For nearly 150 years, the Mormon Church stubbornly held to a racist policy that refused all members of African descent the privilege of entering temples or receiving the Priesthood. Even as slavery, segregation, and Jim Crowe receded into the American past, the Mormon Church still treated its own black members as second-class citizens. The practice was justified as the plan of God. Apostles and prophets, the highest authorities in the Church, rationalized the continued discrimination by pointing to the "curse of Cain" and disobedience in the pre-existence. Other leaders said they simply didn't know but were sure God had some mysterious reason for keeping the full blessings of the Gospel from black people. Only a rare few leaders, including apostle Hugh B. Brown (and many more grassroots members), spoke out on behalf of civil rights. So the infamous ban lived on until 1978.
Along with polygamy, this blatant institutional racism is perhaps the most regrettable scar in Mormon history. Though progress has been made, race remains a taboo subject to this day for most Mormons, shrouded in shame and myth. It hasn't helped that the Church still hasn't publicly acknowledged or apologized for its racist past.
Yet this is not the only example of the Mormon Church attempting to stifle progress and equality. In the 1970s the Church went to great efforts to oppose the Equal Rights Amendment for women. Much like Proposition 8, they argued that it undermined the traditional structure of the family. Church leaders called it "a moral issue with many disturbing ramifications for women and for the family as individual members and as a whole." President Spencer W. Kimball said it "would strike at the family, humankind's basic institution."
So here we are, in 2008, and now the threat is gay people who are already gay, who love each other and in many cases live together, and want to get married. How does this hurt the average Mormon family?
If the concern really was the practical welfare of the family, perhaps the Church could instead invest its vast resources into making healthcare universal and affordable, expanding the Family and Medical Leave Act, cracking down on child predators, and improving the quality of our educational system. All of these issues have a direct impact on my family and millions of others.
You hear of marriages ruined all the time because of abuse, neglect, or stress over finances. But I have personally never heard of a divorce caused by another gay couple getting married.
Yet instead of focusing on issues that can really help nourish our families we obsess over a word. A word we refuse to share. A word that has never been perfectly fixed. There was a time, after all, when inter-racial marriage was just as taboo and illegal as gay marriage. Marriage has been many things, but the common ideal has been and should continue to be a relationship built on love and commitment.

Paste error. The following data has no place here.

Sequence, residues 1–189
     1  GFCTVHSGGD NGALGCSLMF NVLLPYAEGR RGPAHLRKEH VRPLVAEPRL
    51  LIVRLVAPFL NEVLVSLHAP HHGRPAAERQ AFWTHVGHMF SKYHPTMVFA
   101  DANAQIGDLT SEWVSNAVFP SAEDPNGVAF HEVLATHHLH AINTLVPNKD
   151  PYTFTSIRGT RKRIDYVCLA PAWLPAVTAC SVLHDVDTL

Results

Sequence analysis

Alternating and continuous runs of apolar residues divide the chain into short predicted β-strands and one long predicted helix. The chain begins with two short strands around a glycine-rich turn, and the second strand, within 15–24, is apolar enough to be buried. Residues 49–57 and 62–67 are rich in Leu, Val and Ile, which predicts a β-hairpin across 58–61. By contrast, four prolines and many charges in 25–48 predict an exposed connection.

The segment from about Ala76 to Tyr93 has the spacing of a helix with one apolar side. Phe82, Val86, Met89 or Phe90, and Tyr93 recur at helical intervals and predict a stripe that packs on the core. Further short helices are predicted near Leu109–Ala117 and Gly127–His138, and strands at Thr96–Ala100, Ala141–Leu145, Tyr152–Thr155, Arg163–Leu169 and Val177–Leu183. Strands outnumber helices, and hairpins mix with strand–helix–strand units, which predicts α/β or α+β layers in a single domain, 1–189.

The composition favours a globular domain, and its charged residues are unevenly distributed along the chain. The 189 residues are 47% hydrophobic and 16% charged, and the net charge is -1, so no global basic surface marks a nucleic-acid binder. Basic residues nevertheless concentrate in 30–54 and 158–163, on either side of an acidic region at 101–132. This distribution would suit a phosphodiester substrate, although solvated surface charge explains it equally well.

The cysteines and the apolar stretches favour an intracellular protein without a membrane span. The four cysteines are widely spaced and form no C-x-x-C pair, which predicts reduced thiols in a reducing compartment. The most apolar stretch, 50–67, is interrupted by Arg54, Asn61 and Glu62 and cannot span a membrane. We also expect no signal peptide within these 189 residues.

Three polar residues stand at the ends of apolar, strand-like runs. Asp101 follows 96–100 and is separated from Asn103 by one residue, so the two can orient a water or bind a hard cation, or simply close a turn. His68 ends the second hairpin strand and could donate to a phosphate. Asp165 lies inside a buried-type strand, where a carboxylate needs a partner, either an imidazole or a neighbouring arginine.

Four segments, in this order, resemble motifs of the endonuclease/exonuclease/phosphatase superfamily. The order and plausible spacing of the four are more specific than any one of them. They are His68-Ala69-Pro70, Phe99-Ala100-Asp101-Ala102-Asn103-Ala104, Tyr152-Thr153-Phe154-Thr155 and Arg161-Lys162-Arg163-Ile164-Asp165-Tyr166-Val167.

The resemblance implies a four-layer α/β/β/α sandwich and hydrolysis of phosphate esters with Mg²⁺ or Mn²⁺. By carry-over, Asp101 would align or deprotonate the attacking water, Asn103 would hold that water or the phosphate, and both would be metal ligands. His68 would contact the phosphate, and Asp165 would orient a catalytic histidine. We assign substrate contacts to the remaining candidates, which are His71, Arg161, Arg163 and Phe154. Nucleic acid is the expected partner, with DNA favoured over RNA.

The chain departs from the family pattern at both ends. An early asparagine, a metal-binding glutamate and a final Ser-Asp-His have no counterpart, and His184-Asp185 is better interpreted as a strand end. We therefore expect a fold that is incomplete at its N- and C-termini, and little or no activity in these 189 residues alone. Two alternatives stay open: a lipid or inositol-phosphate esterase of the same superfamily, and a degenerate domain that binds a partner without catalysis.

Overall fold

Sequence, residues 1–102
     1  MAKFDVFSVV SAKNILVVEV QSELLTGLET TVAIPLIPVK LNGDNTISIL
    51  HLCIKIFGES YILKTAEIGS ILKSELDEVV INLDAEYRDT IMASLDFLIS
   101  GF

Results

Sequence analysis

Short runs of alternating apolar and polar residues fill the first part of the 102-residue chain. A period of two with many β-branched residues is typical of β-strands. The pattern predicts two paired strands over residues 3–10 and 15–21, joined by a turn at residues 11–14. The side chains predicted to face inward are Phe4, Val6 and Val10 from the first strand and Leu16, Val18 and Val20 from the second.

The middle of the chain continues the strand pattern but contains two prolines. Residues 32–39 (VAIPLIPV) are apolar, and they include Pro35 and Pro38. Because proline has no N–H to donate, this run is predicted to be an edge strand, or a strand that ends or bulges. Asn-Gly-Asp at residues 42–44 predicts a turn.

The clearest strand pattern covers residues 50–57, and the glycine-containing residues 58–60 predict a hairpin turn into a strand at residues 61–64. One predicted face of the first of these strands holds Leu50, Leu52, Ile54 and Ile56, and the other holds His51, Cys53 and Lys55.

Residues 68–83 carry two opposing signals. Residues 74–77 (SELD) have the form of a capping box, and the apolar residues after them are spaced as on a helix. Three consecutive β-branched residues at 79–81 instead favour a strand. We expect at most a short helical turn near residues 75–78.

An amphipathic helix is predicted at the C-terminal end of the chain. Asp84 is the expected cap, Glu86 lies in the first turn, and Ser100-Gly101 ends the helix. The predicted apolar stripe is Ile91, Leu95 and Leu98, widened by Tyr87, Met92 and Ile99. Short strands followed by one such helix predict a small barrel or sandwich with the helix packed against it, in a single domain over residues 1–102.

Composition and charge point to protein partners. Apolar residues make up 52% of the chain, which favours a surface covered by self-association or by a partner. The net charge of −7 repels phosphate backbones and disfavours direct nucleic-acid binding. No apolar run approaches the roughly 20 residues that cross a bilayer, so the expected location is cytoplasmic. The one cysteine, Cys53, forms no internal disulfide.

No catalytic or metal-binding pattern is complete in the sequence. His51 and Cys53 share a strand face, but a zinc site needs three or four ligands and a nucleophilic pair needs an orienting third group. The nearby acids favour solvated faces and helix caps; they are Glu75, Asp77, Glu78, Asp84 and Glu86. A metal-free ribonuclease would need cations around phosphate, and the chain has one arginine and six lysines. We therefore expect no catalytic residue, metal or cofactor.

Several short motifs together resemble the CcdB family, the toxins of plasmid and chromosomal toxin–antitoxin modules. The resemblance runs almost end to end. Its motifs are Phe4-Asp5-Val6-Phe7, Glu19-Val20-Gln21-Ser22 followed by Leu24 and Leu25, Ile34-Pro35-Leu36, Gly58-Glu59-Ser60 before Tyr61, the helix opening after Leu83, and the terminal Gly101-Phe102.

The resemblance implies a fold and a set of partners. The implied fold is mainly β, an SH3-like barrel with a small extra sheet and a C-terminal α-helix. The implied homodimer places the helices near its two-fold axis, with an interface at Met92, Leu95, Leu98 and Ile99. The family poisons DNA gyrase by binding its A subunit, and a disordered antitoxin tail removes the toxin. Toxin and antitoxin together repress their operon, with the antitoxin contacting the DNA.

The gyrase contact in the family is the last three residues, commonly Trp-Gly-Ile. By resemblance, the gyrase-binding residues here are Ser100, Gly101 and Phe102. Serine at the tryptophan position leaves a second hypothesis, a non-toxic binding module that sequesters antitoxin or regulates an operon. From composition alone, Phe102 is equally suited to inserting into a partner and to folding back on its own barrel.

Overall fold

So to my fellow Mormons: I ask you to please re-consider. Take the time you would spend fighting this errant cause with your family. Go to a movie. Take a drive together. Watch the World Series.
Maybe you don't completely understand homosexuality. Maybe you think it's a sin. But shouldn't we leave that to God and allow others to make their own choices? As followers of Christ, isn't it always better to err on the side of compassion and love?
Martin Luther King once lamented in his famous letter from Birmingham Jail:
So often the contemporary Church is a weak, ineffectual voice with an uncertain sound. So often it is an arch-defender of the status quo. Far from being disturbed by the presence of the Church, the power structure of the average community is consoled by the Church's silent---and often even vocal---sanction of things as they are.
In case after case when the moral chips have been on the table, I have hoped for my Church what Dr. King prayed for in his time: that "the Church as a whole will meet the challenge of [the] decisive hour." But sadly, so often on the issues of peace, equality and social justice, it has failed, whether by silence or misguided support.With Proposition 8 it is time to stand for justice, not discrimination. It is time to stand for equality. It is time to be on the right side of history. Regardless of race, gender, or sexuality human beings are human beings and deserve to be treated as such. Today I voice my public support in favor of treating my gay and lesbian brothers and sisters as equals, and ask my fellow Mormons to do the same.